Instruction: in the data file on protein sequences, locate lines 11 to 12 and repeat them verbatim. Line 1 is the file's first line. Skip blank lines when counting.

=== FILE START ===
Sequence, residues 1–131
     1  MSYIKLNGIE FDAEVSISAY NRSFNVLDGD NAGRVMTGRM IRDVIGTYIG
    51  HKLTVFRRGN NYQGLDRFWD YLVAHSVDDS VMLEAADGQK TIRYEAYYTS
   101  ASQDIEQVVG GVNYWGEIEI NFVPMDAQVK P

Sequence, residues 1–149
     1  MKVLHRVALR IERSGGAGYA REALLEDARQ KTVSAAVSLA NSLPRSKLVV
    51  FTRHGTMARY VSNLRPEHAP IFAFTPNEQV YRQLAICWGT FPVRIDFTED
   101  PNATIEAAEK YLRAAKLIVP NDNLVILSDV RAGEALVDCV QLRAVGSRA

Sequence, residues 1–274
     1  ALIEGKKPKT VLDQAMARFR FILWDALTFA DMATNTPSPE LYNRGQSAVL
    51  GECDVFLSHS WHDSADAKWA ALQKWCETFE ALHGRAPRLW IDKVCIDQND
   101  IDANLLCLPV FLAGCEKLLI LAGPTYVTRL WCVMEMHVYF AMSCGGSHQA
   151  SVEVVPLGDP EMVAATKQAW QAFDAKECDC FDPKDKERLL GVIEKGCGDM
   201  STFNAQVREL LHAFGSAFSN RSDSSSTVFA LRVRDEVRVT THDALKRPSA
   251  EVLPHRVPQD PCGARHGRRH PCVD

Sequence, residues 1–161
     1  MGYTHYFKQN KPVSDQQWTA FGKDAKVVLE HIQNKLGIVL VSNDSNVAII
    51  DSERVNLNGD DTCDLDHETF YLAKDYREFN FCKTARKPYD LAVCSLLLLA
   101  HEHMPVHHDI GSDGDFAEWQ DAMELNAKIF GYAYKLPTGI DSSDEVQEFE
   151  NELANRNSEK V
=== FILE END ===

    51  GECDVFLSHS WHDSADAKWA ALQKWCETFE ALHGRAPRLW IDKVCIDQND
   101  IDANLLCLPV FLAGCEKLLI LAGPTYVTRL WCVMEMHVYF AMSCGGSHQA